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From Sergey Petoukhov: In 2012, the Moscow State Conservatory by P.I. Tchaikovsky (at the initiative of the members of the International Symmetry Association) has created a Center for Interdisciplinary Studies of Musical Creativity. Prominent place in actions of this Center is devoted to the study of the role of symmetries in the theory of musical harmony and musical creativity, as well as in the neighboring areas of physiology and psychophysics of perception based on the genetic characteristics of living matter. One of interesting topics is so called “genetic music”, bases of which have been developed in Russia due to the study of symmetric features of the genetic code. In coordination with the ISA, the Center holds annual international conferences “Music. Mathematics. Science.”, the first of which took place in 2013, and the second – in 2014. In the Conservatory the Center conducts monthly scientific and creative seminars in which in addition to the problems of musicology a great attention is focused to problems of symmetrology. Representatives of the Centre actively participated in the Symmetry Festival 2013, where they have organized a specialized international symposium “Symmetry and Music” (Delft, The Netherlands, August 2013). Perhaps our new article about genetic fractals in connection with matrix analysis will be interesting for you:
From Emanuel Pimenta: In 1973 I started a long photo essay with portraits of artists, scientists, thinkers from different countries, as the expression par excellence of a planetary Zeitgeist. It is titled SOULS. Now, I’m releasing the forty years version of this essay (SOULS 40 Years – 1973 to 2013) with the publication of a book in four volumes and a movie at the Streaming Museum in New York – three hundred and fifty people in forty countries. The books have portraits of René Berger, Leonel Moura, William Anastasi, Dove Bradshaw, Roy Ascott, Maurizio Barbetti, Jorge Lima Barreto, John Cage, Merce Cunningham, Maria Bonomi, Daniel Charles, Ornette Coleman, Phill Collins, Phill Niblock, Joe Cocker, Alberto del Genio, Stan Getz, Marcia Grostein, Hans Joachim Koellreutter, Takehisa Kosugi, Pierre Levy, Arthur Loeb, Harald Szeemann, Pierre Restany, Mario Merz, António Cerveira Pinto, Artur Matuck, Hermeto Pascoal, Monika Weiss and many more. Especially the movie SOULS 40 Years includes thoughts of the Mahabharata, John Cage, Alvar Aalto, Theodor Adorno, Woody Allen, Guillaume Appollinaire, Louis Aragon, Hanna Arendt, Rudolf Arnheim, Jean Arp, Antonin Artaud, Gaston Bachelard, Pablo Picasso, and Joseph Beuys. In April 2014 it will be an exhibition at Baahng & Co in New York City. SOULS 40 Years is dedicated to a dear friend, whom I greatly admire and with whom I have collaborated on mutual projects since 1990, nearly twenty- five years ago: Lucrezia De Domizio Durini. The book has a preface by the genius critic, curator and art historian Pilar Parcerisas. I’ve no words to thank Pilar Parcerisas, Nina Colosi and Jennifer Baahng for their immense support in this version SOULS 40 Years. The history of this project, with its mysteries – including introductions, texts etc. – is at here. The books – which are , as always, for sale at cost price – can be ordered at here.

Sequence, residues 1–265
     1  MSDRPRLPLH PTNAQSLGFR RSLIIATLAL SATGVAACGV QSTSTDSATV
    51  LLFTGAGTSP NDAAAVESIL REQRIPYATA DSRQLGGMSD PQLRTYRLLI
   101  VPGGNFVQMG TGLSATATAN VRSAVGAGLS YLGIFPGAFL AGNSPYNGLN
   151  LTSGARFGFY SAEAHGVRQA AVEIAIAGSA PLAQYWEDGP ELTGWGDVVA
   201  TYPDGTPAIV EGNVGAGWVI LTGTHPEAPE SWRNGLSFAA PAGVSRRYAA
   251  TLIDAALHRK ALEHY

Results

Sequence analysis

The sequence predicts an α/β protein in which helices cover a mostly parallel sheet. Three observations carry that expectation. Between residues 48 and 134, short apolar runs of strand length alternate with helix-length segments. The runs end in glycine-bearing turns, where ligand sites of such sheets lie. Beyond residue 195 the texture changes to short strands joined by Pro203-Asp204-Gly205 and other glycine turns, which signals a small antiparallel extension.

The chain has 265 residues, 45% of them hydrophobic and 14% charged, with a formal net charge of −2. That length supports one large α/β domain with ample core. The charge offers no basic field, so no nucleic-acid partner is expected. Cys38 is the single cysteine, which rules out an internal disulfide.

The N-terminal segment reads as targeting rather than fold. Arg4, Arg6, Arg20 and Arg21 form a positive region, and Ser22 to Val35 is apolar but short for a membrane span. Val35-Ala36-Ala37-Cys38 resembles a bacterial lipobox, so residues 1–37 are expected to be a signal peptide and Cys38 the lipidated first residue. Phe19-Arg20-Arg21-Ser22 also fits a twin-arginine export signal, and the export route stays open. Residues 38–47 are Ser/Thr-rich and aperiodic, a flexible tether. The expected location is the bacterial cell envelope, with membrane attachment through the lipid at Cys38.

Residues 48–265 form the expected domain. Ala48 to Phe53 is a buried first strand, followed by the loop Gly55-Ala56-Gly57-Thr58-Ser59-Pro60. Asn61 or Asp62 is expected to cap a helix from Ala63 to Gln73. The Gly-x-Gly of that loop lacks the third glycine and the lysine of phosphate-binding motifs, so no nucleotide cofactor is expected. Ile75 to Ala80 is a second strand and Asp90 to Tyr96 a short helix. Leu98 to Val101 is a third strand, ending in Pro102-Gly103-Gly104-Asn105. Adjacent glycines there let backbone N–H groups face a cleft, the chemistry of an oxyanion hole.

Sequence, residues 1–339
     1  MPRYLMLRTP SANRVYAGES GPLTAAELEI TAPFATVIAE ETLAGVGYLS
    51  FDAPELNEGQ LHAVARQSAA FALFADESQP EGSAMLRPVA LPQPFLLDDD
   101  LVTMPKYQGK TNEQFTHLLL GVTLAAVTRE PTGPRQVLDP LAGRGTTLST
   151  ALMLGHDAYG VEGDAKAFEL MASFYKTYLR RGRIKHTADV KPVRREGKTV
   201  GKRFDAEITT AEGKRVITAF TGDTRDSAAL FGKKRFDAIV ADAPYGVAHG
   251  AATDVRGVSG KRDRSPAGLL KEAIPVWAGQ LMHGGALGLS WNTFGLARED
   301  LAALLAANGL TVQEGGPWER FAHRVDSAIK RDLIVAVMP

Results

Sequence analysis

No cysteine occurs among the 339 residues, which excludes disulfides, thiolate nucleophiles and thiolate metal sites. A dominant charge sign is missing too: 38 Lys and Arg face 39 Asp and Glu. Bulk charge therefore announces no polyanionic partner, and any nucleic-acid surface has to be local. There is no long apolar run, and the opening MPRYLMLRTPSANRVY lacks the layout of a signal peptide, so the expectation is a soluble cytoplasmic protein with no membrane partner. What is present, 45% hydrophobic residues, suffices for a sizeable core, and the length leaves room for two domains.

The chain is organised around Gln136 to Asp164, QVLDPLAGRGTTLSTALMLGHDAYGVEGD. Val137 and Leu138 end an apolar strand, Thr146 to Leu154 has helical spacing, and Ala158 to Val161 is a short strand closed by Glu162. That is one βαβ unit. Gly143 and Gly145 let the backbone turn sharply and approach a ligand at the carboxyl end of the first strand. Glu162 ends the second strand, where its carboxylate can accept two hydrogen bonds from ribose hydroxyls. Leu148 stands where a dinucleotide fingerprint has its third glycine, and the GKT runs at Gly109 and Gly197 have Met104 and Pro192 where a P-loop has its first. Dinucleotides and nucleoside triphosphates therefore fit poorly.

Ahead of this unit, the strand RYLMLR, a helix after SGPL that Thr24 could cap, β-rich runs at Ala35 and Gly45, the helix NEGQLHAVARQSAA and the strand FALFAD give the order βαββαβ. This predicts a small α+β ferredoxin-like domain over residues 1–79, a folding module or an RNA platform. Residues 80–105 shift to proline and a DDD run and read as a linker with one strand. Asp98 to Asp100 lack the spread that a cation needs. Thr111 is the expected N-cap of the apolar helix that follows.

From Haresh Lalvani: We are pleased to share this Pratt video link on Haresh Lalvani entitled Future of Soccer Ball Design. Here’s the text from the Pratt website: The 2014 World Cup “Brazuca” soccer ball has been touted as being the most advanced ever made after the company spent two years designing it with fewer panels of a single shape across the ball’s surface. Such “single-panel” design makes the ball smoother, rounder, and more consistent. But Pratt Institute Architecture Professor and designer Haresh Lalvani says the preferred “one-panel” design means future choices for ball designs are limited. In 2007, Lalvani disclosed one-panel soccer ball designs in a patent which included a very similar design to the 2014 World Cup soccer ball. He says that through mathematics and geometry it is possible to see where innovation in ball design may be heading.
From Jay Kapraff: Jay Kapraff’s new book “A Participatory Approach to Modern Geometry” has appeared. This book aims to make the subject of geometry and its applications easy and comfortable to understand by students majoring in mathematics or the liberal arts, architecture and design. It can be used to teach students at different levels of computational ability and there is also sufficient novel material to interest students at a higher cognitive level. While the book goes deeply into the applications of geometry, it contains much introductory material which up to now may not have been known to the student. The constructive approach using compass and straightedge engages students, not just on an intellectual level, but also at a tactile level. This may be the only rigorous book offering geometry that attempts to engage students outside of the mathematics discipline. More info: here.
From Michel Petitjean: JE SUIS CHARLIE